I have no problem with that as one role of religious specialists. But let's pull this apart for a minute if you don't mind, since I really think it is germaine to he discussion. What would you think of a chaplain performing an exorcism on UBL? What are your opinions about "Spiritual Warfare" as practiced by a large number of evangelical Pentecostals in the US? To my mind, if you believe in the existence of a spiritual realm then a) there will be some form of conflict in it and b) "religious specialists" (whether we call them priests, ministers, chaplains, imams, etc.) are already on the frontlines.

Let me back off for a minute and point out that I really am not trying to be a #### over this. What I am trying to point out is that if you hold a religious seriously, then the "spiritual wellbeing" of a unit may well involve "combat operations" in the spiritual realm. If this is the case, then it strikes me that the operational limitations imposed by the Chaplains' Corps may be limiting the effectiveness of individuals operating within the field.

At the same time, this is, for want of a better phrase, a matter of individual conscience. I have know priest who would not engage in this type of conflict and, also, those who would. I don't think that either state can be required since it is a matter of individual "conviction" as it were. That was why I said that it had to be left up to the individual consciences of the "chaplains". BTW, I should have noted that if they did choose to so engage, that should not abrogate them from their primary duty of guarding the spiritual and moral wellbeing of the unit under their care.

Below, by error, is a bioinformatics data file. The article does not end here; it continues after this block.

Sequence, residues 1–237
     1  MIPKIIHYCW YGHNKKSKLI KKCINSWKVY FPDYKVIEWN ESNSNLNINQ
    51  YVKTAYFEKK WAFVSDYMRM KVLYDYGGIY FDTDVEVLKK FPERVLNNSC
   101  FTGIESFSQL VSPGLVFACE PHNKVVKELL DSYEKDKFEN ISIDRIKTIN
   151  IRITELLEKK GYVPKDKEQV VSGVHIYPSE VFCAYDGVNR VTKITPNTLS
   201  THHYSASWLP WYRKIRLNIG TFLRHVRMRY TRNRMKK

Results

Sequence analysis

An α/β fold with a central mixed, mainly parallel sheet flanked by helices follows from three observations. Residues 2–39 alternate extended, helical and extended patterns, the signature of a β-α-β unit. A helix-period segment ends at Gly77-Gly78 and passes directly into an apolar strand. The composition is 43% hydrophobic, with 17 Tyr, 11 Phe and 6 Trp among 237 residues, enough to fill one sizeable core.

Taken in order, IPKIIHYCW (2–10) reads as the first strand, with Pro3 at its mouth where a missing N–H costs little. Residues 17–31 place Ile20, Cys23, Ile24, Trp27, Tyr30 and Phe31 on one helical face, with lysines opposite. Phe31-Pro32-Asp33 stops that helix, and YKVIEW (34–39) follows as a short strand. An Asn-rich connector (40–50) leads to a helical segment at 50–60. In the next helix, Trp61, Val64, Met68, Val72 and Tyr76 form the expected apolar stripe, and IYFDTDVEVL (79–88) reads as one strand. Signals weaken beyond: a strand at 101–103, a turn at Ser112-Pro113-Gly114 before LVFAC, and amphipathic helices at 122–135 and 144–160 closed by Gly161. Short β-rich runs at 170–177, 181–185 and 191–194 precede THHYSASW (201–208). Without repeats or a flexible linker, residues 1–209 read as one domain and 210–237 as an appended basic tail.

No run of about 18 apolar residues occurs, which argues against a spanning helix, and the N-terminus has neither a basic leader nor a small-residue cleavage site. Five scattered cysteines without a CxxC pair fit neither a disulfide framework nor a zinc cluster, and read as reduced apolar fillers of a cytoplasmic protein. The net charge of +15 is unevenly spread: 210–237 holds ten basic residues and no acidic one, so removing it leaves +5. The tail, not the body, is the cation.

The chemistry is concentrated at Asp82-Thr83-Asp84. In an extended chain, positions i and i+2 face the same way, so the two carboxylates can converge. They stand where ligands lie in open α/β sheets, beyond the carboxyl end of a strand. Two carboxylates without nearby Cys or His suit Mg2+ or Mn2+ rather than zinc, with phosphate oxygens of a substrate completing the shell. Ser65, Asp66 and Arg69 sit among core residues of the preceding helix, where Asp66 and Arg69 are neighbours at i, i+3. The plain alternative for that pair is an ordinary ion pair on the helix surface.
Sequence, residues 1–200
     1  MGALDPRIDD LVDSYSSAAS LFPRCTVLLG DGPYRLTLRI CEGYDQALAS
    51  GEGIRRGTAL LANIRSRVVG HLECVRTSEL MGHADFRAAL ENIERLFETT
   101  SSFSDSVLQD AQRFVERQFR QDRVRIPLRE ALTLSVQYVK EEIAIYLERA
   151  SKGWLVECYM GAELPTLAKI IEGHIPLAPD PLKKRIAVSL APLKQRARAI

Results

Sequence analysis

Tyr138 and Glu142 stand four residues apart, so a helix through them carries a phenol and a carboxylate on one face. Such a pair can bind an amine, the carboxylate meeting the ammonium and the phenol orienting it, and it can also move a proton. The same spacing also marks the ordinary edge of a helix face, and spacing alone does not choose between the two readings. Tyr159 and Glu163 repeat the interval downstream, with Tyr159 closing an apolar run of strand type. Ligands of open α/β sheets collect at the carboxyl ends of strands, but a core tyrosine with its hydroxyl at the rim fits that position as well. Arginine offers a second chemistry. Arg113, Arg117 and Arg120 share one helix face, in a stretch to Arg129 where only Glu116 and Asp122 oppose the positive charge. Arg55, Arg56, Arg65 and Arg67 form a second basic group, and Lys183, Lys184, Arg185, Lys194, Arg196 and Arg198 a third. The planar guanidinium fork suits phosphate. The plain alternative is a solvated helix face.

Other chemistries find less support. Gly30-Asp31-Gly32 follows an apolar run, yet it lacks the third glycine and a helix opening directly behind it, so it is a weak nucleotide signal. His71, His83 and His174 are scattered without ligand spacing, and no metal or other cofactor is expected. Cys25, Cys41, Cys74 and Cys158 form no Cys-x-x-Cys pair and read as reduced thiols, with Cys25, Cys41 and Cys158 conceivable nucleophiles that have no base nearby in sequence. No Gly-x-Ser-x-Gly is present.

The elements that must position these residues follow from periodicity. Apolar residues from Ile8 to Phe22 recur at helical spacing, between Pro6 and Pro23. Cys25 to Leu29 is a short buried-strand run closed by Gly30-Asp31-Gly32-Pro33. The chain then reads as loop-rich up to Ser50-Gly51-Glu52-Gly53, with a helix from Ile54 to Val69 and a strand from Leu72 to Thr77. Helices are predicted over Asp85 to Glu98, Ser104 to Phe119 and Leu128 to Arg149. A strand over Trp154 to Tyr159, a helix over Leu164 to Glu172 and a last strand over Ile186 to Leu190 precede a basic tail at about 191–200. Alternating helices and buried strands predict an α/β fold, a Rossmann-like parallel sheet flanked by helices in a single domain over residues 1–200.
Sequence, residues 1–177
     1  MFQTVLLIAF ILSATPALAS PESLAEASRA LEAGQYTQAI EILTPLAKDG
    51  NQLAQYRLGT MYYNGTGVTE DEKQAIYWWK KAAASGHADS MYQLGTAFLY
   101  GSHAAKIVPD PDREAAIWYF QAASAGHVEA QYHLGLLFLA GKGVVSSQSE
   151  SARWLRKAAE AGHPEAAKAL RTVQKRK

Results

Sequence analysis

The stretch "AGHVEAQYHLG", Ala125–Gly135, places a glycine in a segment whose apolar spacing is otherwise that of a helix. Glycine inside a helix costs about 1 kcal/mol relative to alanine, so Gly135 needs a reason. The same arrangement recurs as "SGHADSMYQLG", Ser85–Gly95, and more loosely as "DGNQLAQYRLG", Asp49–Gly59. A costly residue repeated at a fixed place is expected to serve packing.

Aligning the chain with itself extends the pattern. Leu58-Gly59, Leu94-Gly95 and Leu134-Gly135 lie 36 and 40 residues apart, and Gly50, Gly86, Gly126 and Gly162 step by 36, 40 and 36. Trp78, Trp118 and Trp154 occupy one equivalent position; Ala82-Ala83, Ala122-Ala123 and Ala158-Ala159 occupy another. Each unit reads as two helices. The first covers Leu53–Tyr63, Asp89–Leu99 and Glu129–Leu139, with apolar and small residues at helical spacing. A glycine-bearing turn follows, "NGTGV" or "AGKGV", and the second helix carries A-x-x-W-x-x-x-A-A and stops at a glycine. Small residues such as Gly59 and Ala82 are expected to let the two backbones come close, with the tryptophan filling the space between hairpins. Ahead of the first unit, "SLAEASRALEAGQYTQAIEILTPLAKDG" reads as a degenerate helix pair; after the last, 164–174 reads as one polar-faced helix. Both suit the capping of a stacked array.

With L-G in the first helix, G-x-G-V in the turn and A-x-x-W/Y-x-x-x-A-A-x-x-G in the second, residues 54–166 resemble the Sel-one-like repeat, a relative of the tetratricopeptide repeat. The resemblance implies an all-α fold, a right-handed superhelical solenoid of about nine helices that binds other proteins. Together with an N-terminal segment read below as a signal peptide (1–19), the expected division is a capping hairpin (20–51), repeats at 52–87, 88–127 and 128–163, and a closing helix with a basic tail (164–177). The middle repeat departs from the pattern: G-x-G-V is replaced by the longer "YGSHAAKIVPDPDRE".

Quote:
Originally Posted by Gian P Gentile View Post
I would not have cared one bit if the Army had given me a Muslim chaplain, Catholic, Jewish, Buddhist, whatever since his/her role is not to proselytize but to use his/her own faith as a medium to assist in the spiritual and moral well being of the unit; which in combat can be quite a demanding job.
I really don't think that proselytization comes into it, except amongst those chaplains who are so insecure that they must proselytize. Also, I would never advocate religious proslytization as a tactic. First, it will backfire, and second it is unethical. Let me toss out an hypothetical at you - what if the Army had given you an Asatruar Priest or a Gardneran Witch who provided you with targeting information?

Marc
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Old 02-07-2008   #19
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I've been unsuccessful in contacting my Chaplain Corps contact, he picked today to be off the net. Let me clarify before the thread spins into stereotypical and extreme worse case scenarios -

The Army Chaplain understands the requirement not to attempt to "convert" either the soldiers or the local populace. The Chaplaincy is a command assist to the soldiers, not an opportunity for a denomination to seek new adherents.